Having languished in the British Intelligence vaults for eighty years, this TOP SECRET file is about to be revealed to wide-eyed young readers. Set during the darkest days of the London Blitz, it tells of one brave orphan’s battle against the might of the Nazi regime, with only an escaped gorilla and his tin-legged great-uncle Sid for company. Be prepared for espionage, a plot to bring Britain to its knees, and an awful lot of tickling, in Code Name Bananas by David Walliams.
In this WWII escapade, we join Eric and Uncle Sid, the oldest zoo keeper at London Zoo. United in their love of animals, the kindly pair fret over the impact of the nightly
Luftwaffe raids on the zoo’s inmates, and in particular, on a gentle gorilla named Gertrude. After a desperate failed bid to escape during a night of heavy bombing, a distressed Gertrude is brought in front of the Director General, who issues a terrible decree. As the potential consequences of a gorilla on the rampage in London are dire ( just imagine she were to scale Nelson’s Column, gatecrash Claridges, or take a ride on the Tube!) Gertrude must be…gulp…put down.
For Eric and Sid, the only conceivable option is to snatch Gertrude and flee the capital in search of safety. Their agreed destination is Bognor Regis, on the Sussex coast. In theory a genteel English seaside town, in actuality a hotbed of Nazi plotting and intrigue. Here the action ramps up to the usual dizzy Walliams-eque heights, with a theatrical cast of characters that include Mr Winston Churchill himself.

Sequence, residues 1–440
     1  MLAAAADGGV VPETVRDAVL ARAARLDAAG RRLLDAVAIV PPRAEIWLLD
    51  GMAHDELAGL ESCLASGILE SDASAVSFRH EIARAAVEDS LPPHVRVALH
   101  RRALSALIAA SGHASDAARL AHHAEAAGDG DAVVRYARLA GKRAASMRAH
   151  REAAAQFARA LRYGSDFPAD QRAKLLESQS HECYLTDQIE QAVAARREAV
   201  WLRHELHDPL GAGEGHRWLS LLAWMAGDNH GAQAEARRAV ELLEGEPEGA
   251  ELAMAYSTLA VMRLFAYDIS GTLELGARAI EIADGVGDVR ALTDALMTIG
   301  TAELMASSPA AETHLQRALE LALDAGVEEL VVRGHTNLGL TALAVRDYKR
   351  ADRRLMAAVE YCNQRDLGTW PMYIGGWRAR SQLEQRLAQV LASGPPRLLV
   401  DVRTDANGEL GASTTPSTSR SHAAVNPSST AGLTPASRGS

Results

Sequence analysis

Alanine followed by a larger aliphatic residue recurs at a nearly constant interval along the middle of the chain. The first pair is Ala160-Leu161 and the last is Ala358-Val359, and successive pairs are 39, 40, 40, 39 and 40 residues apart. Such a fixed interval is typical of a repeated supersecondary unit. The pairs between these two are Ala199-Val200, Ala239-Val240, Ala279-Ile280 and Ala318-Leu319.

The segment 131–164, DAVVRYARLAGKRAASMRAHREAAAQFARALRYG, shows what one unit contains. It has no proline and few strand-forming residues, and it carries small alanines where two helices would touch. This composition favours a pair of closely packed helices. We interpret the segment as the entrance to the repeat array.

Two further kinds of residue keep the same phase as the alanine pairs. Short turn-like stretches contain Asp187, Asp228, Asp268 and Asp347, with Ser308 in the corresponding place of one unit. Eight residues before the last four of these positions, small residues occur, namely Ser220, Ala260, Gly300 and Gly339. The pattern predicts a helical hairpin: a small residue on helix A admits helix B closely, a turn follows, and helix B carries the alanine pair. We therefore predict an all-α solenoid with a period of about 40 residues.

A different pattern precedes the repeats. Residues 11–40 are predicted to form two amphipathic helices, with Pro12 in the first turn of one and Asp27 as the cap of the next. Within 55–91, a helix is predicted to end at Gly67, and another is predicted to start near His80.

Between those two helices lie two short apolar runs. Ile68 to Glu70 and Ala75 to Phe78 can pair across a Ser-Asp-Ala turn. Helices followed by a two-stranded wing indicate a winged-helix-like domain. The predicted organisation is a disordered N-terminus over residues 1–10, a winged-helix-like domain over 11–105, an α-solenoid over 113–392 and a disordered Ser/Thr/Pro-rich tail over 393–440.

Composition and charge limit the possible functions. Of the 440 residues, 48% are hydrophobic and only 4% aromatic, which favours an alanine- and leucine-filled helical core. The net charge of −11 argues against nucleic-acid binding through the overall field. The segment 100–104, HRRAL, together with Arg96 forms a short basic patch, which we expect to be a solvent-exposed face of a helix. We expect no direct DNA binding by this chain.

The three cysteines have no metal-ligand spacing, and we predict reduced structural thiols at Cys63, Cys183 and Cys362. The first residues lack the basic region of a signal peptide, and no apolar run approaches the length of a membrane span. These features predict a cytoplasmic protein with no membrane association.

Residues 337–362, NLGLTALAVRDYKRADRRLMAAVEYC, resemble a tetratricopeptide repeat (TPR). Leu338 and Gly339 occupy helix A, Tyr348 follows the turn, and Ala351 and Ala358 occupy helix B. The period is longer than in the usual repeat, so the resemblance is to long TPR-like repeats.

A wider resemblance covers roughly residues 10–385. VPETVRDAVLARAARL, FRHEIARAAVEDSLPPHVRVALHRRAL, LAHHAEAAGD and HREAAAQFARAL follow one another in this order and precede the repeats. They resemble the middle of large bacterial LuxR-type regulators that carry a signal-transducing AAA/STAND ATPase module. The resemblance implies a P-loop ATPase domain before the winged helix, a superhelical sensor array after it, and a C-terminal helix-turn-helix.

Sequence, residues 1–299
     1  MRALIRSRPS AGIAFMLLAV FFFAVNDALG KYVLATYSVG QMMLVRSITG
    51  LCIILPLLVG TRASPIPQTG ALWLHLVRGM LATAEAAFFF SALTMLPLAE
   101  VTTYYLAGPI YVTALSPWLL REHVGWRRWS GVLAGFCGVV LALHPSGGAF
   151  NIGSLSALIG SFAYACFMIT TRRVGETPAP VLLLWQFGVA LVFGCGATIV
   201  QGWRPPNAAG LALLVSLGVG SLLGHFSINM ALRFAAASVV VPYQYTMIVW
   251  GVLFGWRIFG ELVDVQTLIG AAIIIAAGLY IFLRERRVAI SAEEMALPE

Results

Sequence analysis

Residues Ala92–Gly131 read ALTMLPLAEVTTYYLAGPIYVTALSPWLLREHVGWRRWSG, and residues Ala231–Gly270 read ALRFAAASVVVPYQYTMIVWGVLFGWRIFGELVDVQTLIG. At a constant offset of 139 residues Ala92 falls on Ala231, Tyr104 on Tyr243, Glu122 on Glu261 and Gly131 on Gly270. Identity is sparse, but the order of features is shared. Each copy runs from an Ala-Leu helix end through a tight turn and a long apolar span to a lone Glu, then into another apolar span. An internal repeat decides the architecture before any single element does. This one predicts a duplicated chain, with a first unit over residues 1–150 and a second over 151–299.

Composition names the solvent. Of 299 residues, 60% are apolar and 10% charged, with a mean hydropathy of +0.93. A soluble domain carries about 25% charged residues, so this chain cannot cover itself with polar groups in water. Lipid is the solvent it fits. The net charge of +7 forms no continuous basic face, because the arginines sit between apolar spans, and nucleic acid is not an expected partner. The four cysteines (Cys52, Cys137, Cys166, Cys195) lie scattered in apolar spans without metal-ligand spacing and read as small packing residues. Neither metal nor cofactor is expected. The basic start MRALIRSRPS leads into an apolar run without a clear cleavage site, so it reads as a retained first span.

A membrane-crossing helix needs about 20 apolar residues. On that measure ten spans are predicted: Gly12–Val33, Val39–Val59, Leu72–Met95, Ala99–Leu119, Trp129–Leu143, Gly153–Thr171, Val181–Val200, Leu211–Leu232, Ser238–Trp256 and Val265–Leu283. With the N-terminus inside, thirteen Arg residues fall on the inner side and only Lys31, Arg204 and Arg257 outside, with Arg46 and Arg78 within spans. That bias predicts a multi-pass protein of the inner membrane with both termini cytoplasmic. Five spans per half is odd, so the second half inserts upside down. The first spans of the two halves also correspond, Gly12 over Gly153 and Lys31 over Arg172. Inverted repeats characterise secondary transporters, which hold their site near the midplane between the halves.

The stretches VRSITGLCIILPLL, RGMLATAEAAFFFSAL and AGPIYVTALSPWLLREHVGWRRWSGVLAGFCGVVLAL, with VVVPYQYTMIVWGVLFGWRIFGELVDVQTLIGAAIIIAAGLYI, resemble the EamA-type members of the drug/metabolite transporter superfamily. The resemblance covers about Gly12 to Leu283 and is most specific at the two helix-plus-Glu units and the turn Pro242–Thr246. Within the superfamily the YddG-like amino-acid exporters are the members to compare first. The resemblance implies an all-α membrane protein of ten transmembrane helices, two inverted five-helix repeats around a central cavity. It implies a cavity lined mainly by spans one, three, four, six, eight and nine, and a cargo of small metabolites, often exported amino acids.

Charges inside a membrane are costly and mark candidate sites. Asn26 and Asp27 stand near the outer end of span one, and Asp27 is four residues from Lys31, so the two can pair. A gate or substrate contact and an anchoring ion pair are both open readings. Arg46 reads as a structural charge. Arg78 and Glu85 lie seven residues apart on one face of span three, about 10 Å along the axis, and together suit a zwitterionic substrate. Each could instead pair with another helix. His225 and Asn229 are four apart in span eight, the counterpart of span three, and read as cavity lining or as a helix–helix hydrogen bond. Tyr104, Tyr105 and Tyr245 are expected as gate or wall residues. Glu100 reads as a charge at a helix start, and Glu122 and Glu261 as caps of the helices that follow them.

I like the energy of Walliams’ writing and his gleefully outrageous imagination. For me, the only bum note occurs in a passage where a character is repeatedly mocked for having a speech impediment. Unpleasant and strikingly out of place in a 21st century children’s novel, it somewhat marred the read for me.
That aside, this is undoubtedly another stonking Christmas hit for Walliams.
Code Name Bananas by David Walliams is published by Harper Collins Children’s Books, 392 pages.